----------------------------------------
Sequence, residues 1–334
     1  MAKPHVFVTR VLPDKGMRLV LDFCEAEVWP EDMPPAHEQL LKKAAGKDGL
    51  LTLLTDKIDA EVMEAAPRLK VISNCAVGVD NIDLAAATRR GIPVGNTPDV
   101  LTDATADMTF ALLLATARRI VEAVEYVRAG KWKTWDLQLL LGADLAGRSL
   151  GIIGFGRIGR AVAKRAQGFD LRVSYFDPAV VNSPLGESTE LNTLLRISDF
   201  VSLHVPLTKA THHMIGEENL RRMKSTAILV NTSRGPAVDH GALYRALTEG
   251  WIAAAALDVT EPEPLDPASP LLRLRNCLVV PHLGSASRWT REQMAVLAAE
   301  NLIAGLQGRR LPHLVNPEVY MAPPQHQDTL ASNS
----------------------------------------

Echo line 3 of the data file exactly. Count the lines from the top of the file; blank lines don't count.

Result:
    51  LTLLTDKIDA EVMEAAPRLK VISNCAVGVD NIDLAAATRR GIPVGNTPDV